But Will, it’s the journey not the destination that really matters!

Well, you can spout Eastern philosophy all you want, but that doesn’t change the fact that all of your reviews are going to say,

“The ending was kind of disappointing. That’s why I only gave it 2 stars.”

3. Character Development

This is going to sound like redundant rhetoric, but character development can make or break your story. I write mostly short fiction, and character development is much more important than story development. The story sort of develops on its own with my characters. (I said sort of. No angry comments.)

This doesn’t mean you have to spend three pages describing Clark Kent’s background, but it does mean you have to reveal his character.

So put him in a situation that does just that.

Character development does not have to be boring. If done well, it can be the driving force in a story. So before you start writing the story, write your character. This deosn’t have to be extensive, but you should have some sort of grasp on your character’s personality. Hero or anti-hero? Shy or charismatic? Strong or weak?

I like to use the analogy of Kirk and Picard.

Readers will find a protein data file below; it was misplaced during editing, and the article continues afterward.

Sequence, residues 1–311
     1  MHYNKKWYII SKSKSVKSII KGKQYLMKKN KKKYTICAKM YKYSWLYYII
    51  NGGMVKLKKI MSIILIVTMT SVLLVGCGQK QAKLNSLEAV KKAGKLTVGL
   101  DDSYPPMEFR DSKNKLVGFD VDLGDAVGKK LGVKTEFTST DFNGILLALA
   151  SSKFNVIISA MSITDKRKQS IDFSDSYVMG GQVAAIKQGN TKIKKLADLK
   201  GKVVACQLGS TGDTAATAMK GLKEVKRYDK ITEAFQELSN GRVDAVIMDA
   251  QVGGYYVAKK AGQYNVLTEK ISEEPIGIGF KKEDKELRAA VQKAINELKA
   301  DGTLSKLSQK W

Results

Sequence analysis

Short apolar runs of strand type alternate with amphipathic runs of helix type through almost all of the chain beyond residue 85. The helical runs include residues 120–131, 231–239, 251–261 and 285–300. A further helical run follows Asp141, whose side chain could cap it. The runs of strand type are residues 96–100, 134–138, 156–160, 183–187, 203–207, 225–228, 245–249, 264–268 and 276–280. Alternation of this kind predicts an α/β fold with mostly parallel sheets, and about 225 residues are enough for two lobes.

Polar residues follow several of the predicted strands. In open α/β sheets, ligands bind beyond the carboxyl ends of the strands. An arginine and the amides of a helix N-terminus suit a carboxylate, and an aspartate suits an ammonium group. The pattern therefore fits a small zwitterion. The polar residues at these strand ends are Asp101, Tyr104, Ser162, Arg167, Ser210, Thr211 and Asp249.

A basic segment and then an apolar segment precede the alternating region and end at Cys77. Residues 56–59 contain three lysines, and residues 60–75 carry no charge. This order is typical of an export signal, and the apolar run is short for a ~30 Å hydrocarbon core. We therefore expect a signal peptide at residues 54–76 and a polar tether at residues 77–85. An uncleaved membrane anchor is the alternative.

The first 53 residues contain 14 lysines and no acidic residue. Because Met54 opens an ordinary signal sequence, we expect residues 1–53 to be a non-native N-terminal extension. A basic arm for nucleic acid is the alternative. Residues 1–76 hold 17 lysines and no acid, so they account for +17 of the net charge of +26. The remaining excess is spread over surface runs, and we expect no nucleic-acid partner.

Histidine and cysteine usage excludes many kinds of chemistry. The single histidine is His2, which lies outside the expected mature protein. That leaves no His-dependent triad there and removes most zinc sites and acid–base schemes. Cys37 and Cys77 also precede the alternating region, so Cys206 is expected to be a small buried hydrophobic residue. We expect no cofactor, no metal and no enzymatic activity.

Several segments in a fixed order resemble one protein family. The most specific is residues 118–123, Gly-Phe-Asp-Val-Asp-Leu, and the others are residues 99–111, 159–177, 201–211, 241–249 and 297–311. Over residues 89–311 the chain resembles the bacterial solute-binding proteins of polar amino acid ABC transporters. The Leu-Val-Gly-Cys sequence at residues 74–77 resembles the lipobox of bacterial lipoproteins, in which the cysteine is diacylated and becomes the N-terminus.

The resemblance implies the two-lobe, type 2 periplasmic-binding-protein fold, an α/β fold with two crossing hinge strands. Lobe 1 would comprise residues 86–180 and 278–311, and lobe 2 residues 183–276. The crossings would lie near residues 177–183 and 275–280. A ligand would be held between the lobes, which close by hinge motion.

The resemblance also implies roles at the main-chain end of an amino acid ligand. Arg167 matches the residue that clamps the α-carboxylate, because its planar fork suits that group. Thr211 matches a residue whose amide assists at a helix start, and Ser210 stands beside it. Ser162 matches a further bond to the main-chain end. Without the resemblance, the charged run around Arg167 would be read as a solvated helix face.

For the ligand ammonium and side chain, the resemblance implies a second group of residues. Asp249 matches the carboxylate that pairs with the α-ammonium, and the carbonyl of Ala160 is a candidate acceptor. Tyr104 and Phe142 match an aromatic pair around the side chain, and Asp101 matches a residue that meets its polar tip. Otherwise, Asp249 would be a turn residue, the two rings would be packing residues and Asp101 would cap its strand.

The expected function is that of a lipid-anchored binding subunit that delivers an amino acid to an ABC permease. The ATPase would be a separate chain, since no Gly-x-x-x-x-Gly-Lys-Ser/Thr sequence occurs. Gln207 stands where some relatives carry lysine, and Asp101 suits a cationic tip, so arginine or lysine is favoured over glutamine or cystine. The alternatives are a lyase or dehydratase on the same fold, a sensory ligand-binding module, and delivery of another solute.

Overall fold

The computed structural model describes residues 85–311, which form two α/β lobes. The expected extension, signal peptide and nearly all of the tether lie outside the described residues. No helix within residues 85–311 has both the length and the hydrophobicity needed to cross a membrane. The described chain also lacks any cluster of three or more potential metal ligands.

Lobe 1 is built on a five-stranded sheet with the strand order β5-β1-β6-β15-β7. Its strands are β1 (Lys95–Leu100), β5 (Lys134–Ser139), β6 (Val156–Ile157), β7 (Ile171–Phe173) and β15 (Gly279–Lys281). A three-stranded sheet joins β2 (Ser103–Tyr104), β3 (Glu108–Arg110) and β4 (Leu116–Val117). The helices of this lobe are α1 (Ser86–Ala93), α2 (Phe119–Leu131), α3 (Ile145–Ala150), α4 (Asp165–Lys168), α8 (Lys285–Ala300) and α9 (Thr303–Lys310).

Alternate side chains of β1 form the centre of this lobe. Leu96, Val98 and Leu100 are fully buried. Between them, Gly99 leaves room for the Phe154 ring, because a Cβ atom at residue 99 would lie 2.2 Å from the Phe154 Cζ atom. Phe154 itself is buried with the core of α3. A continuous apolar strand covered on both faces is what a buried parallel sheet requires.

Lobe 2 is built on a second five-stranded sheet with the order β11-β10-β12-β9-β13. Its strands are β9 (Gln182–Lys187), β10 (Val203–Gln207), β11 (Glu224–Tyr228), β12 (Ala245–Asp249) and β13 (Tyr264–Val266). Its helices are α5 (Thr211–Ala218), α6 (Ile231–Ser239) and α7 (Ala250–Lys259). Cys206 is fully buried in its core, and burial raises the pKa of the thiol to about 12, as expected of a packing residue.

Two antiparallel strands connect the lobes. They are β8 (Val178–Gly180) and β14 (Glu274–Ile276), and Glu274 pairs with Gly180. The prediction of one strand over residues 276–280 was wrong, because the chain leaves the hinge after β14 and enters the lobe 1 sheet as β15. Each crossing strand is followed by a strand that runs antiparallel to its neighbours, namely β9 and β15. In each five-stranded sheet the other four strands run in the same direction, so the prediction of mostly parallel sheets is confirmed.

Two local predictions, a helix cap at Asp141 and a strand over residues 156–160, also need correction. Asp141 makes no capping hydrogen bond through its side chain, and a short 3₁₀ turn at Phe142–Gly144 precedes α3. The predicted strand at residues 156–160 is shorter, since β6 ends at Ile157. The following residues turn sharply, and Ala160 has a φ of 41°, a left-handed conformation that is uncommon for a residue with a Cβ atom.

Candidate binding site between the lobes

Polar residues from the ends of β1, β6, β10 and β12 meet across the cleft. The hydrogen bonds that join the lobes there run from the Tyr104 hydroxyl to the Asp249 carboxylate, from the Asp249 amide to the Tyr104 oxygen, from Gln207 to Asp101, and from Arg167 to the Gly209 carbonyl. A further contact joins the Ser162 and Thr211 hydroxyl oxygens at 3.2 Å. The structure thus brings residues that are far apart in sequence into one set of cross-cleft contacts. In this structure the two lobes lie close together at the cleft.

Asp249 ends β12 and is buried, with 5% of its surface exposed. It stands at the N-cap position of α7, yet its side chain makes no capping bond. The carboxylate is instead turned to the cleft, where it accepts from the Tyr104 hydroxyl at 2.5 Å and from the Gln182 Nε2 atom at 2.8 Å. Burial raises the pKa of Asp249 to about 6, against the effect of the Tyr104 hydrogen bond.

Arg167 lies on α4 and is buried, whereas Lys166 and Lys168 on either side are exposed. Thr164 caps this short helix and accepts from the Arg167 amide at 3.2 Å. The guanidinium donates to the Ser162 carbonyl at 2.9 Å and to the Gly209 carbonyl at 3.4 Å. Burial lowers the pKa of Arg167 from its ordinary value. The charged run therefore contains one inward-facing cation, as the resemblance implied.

Yes, I’m that big of a nerd.

Kirk flies by the seat of his pants, and is a metaphor for Humanism and Hedonism. He wants to shoot first and ask questions later. He only plays by the rules when he has to, and all other times he throws the book out the window. Or the airlock rather. You can’t throw stuff out of windows on the Enterprise.

Picard is more reserved; he weighs every option and holds regular meetings for input. He is calm and calculated, without being as stoic as Mr. Spock. He rarely acts without hours of reflection and considerations, all while sipping his Earl Grey and eating scones.

But we don’t have to read that in a paragraph. Here’s what to do:

Have three Romulan Warbirds decloak in front of the Enterprise and let’s see who does what!

4. Outline

Which brings us to our final point.

Having an outline of your story will help keep everything in order, plus it will allow you room to move. What I mean by that is you don’t have to stick to the outline strictly. There will be plenty of room to veer in and out of the defined lines. I.e. the Enterprise is confronted by three decloaked Warbirds and the resolution is a tachyon burst to disrupt their warp engines. However, I did not say how the tachyon burst would be initiated. Perhaps Mr. Data initiates it from the tractor beam dish, or maybe Geordi creates it from the Enterprise’s own warp field.

Or Kirk just fires three photon torpedoes and the phaser array, all while Scotty boosts the warp engines and they outrun the danger.

Either way works. But they all fit the outline.